log in
sign up or:

with google or facebook


By using this site you agree to the privacy policy and terms of service

forgot password?

Recommend a First Pool Cue for Under $400

Recommend a First Pool Cue for Under $400

I am living in Cambodia, so I have no chance of trying out cues before ordering one so will have to buy my 1st one blind.

I have looked at the Viking range and have no idea what to buy from the many cues on line.

Can anyone recommend a cue $400 or under, or recommend a cue that is a good value for money that is different from a Viking pool cue?

Looking at the range of Viking pool cue lines, just how much difference is there in, say, a $400 cue and a cue from the top end of the scale?

I would really appreciate any suggestions guys as its hard when you cant get near good cues to try them out.

Recommend a First Pool Cue for Under $400

Replies & Comments

  1. tjdRaptor on 1/9/2010 7:48:16 AM

    You can't go wrong with Viking cues, one of the best values for the money. Schmelke is another American cue that hits real nice. McDermott and Lucasi are very popular but I myself have little experience with them and I believe they are made in China now.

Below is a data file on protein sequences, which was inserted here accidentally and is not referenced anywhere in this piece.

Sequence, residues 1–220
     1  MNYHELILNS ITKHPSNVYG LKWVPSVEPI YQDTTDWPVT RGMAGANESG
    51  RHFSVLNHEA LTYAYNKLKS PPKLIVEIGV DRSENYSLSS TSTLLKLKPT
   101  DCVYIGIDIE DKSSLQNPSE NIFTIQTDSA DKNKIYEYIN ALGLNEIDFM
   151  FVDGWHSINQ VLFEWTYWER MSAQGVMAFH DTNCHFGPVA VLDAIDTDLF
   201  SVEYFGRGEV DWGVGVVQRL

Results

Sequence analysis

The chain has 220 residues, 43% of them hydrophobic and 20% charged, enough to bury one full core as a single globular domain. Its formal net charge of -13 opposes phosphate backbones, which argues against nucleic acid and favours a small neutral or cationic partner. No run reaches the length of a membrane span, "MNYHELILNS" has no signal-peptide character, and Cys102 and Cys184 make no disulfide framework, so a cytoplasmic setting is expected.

2. tjdMitch Alsup on 1/9/2010 10:26:51 AM

    It has been said that by the time you get to $300 that you can get just as good a cue from a custom cue maker as you can get from any of the factories. I don't know about the $300 level but certainly by $400 the cuctom makers are in the running.

    The difference between a $200 cue and a $1000 cue is that someone spent the equivalent of $800 in labor on the high end cue doing things with wood, ivory, plastic, and expoy. The shaft is likely the same and the "hit" is essentially the same.

    However, you should understand that at your current level of play you probably only have the foggiest notion of what you want in and out-of a cue. Secondly, you have no way of understanding how to keep a shaft from getting banged up. So, you should consider your first cue a short-term investment and be prepaired to reshaft it or buy a completely new cue after a year--when you do finally understand how to keep the shaft from accumulating nicks and divots.

    With this in mind, I recommend a less expensive cue than $400. At least over here, we can get completely functional cues (albeit rather plain) stating in the $80-$120 range. Use this for a couple of years, replace the tip and try 3-6 different tips, then by the time this thing is so beeten up it is negatively influencing our game, you will be ready to buy a cue that you can care for and will last you a long time; indeed.

upload a photo or document

use plain text or markdown syntax only

log in or sign up

Sign in to ensure your message is posted.

If you don't have an account, enter your email and choose a password below and we'll create your account.


Recommend a First Pool Cue for Under $400

  • Title: Recommend a First Pool Cue for Under $400
  • Author: (T. Daves)
  • Published: 12/17/2009 11:36:47 PM